“Often the pain of resisting makes us rust like iron, and in order to re-enter the flow of life, we need to be scraped back to our original surface.”
Scraped back to our original surface – our delightful, juicy, all-that-you-need-to-be surface.
It’s easy to forget that the original of you is what you want to get back to. It’s not about creating a new you. It’s about removing the protective layers of rust scrapings that you’ve built up because of:
- what your culture and others have said you should be
- beliefs about how a woman (or man) ought to act
- who you chose to be in order to feel safe
As a friend says “You have been taking care of yourself the best way you knew how.”
Congratulations to you. Taking care of yourself takes strength and a terrific sense of survival. There is a form of beauty, as you can see in the photograph, in your protective covering of rust.
What is also true, as I know from working with clients and from my own life, is: resisting and hiding who you are takes a gimundous amount of energy and closes you off to the possibility of being who you really want to be — yourself.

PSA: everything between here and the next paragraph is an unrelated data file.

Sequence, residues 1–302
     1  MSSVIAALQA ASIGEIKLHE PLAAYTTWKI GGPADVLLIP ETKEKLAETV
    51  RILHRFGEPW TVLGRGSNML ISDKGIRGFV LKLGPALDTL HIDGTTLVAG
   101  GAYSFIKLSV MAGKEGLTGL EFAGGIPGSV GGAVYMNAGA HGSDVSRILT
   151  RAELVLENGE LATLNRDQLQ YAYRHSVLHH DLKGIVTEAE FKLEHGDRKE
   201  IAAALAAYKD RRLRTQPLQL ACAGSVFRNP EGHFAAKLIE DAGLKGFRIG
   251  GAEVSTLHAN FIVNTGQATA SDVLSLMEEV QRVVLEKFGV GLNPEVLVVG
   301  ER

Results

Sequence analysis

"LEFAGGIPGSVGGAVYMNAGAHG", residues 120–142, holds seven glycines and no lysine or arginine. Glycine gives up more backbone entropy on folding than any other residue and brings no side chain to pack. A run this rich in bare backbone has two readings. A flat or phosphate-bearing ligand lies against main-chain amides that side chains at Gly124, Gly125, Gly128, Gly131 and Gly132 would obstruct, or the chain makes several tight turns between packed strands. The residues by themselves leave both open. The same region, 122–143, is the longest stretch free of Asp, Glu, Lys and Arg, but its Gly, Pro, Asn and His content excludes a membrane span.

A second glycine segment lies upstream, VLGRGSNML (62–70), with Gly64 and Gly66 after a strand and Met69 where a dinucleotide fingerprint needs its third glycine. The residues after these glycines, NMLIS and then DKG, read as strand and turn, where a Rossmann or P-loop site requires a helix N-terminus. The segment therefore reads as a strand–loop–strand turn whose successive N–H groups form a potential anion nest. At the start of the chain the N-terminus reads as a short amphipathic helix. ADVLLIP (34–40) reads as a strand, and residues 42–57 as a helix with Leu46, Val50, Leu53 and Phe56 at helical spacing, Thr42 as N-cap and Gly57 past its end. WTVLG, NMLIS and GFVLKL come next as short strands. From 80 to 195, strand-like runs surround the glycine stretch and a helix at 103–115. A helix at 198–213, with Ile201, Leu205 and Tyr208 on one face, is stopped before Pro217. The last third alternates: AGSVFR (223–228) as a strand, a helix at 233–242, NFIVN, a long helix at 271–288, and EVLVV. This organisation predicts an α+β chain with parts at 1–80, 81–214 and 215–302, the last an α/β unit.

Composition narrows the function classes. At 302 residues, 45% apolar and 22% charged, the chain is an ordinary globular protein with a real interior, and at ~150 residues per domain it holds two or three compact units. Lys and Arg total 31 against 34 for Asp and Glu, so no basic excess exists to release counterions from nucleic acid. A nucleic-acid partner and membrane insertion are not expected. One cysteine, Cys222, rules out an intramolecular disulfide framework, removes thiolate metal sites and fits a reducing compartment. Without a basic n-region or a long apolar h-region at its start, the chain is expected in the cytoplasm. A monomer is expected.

Being Taught How To Act (a list of “shoulds”)
- I was taught that it was bad to wear my heart on my sleeve so I learned to hide my feelings inside and felt ashamed when my emotions overflowed to the outside.
- My mom told me it wasn’t a good idea to beat the boys at bowling because then they wouldn’t like me, so I learned it wasn’t a good idea to win.
- When I was passionate about an idea or topic, many people stopped engaging in conversation with me, so I thought I was “bad” and worked at keeping my ideas and opinions to myself.
The protective armor of rust I built served me for many years. Until it didn’t. Then it became an albatross – a full-length coat of wet blankets – weighing me down and keeping me from what I really wanted to do. It shut me off to a world of possibilities.
Unlearning What We’ve Learned
Now I work at unlearning the limiting beliefs I have, particularly the annoyingly simplistic construct of good and bad. (Saying yes to people is “good”; saying no to people is “bad”). There are few objective truths.
So I’ve been assiduously scraping back to my original surface: a happy, forthright, rosy cheeked child/adult who finds humor in the darkest of moments, who enjoys a rousing debate, who revels in schmaltzy and who loves easily.
Who is your wonderful original self? Who is the person you were before you thought you should be someone else? Let her shine.
photo credit: from i’mjustcreative.com